- Name and rename the logs: Along with location where logs should go, the file name of these should be specified by the user according to his own standard and convenience. To provide more flexibility, the ability to rename the log files should also be supported, keeping in mind that your product can be part of a big, advanced appliances in the future.
- Embed the logs to any other logs by providing the option of log output streams: This advanced feature means having the flexibility to embed your logs into another log, provided the appropriate output stream is allowed by the appliance environment.
You must be able to access and manipulate all configuration settings by APIs or a command-line interface. Thanks to the loose coupling, light weight, and interoperability that REST web services offer, they are very popular and probably be the most common ones you encounter. If any process requires manual changing of some properties file or any other file, it should be adapted so those changes can be done by CLI or API.
If a particular setting or configuration is required to be completed during installation of the appliance or as part of overall functioning of the appliance, use these CLIs or APIs to do so. The design should be that the appliance need not understand the internal design of your application to make any changes to the settings — you should just be able to use CLI to do it.
Also, wherever such configurations or settings are changed, ideally it should take effect on the fly without requiring the restart of the application; that way, it won't disturb the functioning of the entire appliance.
When a problem is reported in the product, it's important that logs are collected from the product in order to diagnose it completely. Have command line mechanisms (or any other) in place to perform selective and isolated diagnostic operations; operations that won't affect the whole appliance. This includes the ability to collect log/trace information that can directly be used by the sysadmin.
Most of the IBM's appliances try to support high availability; customers demand this. If your product does not support high availability, then the overall high availability capabilities of the appliance becomes less effective. It is a good idea to have high availability support design done for your product at the beginning of the development or leave some room to do such development in the future.
Any process, thread, or daemon that is running as a part of your application must have life cycle capability of its own. It should serve such common states as start, suspended, and stop and there should be a provision to control these states by the product itself using the CLI or APIs.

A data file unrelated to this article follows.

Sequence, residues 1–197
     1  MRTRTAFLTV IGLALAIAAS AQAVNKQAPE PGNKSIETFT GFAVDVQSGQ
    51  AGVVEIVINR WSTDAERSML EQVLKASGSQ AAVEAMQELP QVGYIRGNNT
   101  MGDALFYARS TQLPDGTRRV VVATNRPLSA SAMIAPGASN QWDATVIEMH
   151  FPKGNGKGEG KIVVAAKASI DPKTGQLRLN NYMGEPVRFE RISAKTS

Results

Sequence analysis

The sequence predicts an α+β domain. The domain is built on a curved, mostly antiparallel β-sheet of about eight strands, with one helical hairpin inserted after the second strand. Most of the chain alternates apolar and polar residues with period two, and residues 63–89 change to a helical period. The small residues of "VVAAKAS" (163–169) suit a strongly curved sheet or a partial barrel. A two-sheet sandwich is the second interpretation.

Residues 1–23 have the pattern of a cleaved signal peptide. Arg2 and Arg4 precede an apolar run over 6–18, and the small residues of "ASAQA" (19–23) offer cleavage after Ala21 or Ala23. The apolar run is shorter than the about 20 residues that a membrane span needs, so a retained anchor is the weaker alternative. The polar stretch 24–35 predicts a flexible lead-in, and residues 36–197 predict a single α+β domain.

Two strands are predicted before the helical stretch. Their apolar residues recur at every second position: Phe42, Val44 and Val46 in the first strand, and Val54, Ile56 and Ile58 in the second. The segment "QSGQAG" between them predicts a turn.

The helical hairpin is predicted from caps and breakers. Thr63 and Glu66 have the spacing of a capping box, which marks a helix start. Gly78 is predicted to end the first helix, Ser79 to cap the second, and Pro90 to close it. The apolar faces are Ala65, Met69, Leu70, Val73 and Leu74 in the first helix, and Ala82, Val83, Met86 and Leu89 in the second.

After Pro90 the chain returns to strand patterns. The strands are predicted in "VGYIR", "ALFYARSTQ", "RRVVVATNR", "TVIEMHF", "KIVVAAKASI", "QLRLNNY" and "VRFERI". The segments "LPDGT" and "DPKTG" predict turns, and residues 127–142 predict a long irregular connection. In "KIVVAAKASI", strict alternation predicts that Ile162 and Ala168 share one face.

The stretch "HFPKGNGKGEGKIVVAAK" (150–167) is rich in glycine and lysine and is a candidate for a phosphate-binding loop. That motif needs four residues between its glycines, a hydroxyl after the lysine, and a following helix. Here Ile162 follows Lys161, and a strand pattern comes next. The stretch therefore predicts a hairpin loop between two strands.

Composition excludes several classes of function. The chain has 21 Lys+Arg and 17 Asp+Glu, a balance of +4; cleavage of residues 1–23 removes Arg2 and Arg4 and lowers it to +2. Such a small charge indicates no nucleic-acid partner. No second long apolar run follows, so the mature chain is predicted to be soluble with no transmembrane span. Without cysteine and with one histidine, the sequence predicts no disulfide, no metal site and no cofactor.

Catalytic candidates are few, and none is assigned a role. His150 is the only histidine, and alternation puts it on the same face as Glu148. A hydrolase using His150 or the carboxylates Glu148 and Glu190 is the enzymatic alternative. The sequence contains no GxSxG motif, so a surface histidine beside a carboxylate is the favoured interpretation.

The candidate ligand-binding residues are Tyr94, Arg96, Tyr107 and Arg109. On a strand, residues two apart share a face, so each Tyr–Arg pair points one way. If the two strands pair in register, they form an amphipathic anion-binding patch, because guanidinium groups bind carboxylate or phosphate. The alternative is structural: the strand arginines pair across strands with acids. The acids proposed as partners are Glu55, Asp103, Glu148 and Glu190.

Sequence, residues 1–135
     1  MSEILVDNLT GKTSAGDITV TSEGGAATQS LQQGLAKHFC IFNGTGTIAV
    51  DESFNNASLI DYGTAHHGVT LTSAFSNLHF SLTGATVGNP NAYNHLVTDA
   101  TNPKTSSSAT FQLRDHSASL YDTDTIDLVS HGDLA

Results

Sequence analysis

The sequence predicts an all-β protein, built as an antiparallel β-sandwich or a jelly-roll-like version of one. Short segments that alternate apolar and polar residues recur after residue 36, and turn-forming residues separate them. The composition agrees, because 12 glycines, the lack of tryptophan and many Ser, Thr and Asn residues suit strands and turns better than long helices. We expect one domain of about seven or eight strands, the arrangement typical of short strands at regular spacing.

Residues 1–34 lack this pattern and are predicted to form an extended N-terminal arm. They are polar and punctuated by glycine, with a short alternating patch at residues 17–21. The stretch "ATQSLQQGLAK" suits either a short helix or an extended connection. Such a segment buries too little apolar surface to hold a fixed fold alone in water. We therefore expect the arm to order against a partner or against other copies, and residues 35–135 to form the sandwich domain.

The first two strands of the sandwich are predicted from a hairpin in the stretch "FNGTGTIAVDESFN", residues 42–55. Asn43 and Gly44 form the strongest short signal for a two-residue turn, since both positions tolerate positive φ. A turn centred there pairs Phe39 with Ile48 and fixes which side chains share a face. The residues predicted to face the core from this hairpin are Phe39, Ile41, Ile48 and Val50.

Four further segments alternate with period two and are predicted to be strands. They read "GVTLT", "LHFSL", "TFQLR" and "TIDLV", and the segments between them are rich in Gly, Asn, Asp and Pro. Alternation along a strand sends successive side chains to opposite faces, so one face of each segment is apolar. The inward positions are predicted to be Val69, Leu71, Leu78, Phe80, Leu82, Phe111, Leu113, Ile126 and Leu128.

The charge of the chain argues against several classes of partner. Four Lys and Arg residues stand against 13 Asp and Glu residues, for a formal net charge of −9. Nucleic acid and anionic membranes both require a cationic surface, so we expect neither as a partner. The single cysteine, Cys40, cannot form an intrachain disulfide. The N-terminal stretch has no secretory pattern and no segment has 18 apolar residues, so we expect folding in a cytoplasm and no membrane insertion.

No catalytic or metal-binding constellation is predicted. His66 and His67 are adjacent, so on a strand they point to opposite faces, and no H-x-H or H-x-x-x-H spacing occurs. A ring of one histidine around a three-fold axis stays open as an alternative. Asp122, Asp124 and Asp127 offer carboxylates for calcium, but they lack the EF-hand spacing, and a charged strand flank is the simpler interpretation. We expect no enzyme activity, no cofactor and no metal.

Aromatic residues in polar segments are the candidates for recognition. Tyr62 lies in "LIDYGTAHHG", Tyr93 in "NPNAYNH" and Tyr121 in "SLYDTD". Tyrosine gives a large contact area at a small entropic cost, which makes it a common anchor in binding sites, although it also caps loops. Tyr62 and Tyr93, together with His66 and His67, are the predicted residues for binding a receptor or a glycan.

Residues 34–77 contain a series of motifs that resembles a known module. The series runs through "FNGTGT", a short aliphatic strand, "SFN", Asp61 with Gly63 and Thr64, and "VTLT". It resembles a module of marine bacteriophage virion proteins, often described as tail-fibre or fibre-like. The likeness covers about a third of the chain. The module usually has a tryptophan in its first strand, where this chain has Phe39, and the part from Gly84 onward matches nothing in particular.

Any configuration assumed during pre-load must have the option to reset at the creation of the appliance. It should be able to be reconfigured at the customer's request also.
Your product might work under certain settings as an individual — for example IP address, port settings, or network settings — but when it is integrated with another product, those parameters might need to be changed due to customer's work environment or the overall product's requirement. Any such settings must be resettable and changeable during product integration, appliance creation, or customer deployment time.
This feature is an optional one, but an important one. It is a strong advantage to your application to be one that can be activated or deactivated using a command line, API, or GUI such that the files related to the product still reside on the disk but will not consume CPU and memory resources of the system it is hosted on. This way, you can embed your product into another one and use it when it is required by turning it on or off. In the cloud, an appliance can shut off certain services it provides by deactivating the corresponding feature even while it is continuing to host the initial product.
If there is an update or patch available for your product, you must be able to apply it in the integrated environment of the appliance. Once your product is integrated into another one, your team won't have to stop working on its enhancement: You just need to define an update path for your product in the design phase.
Since your application might be integrated into other cloud appliances in the future, it has to support patching within an integrated environment.
Also, your application should have updates, fixes, and patches packaged so they can be included or bundled with other updates of the appliance. And it should be able to go through the patch/update process with having to restart the application.
Including a provision that allows you to undo the applied update or patch is good too in case the change is found to be incompatible with the rest of the appliance.
Try to make sure all commands aren't restricted to any particular shell. The CLI commands related to your application (at least the most important ones) should not be restricted so that they only work on certain shell. The appliance into which your product is integrated might run on a different shell than the one you choose; in that case, you will not be able to do run the CLI commands just because the shell is different.
Functions that are supported by a license key should be connected to the common appliance's GUI or CLI and trigger when a license key is installed. If any of the functions in your application also support a license key, then this feature must be designed properly and be integrated into the appliance's common GUI from the beginning in a way that if the license for any component of your application is applied, the same should be detected by the common GUI informing the user using the appliance. This gives the customer a clear idea of which licenses he is already using and which ones he needs to apply for or purchase. This also helps the cloud administrator maintain the various licenses effectively. The application should provide an API to query licensing info and apply or update it without restart.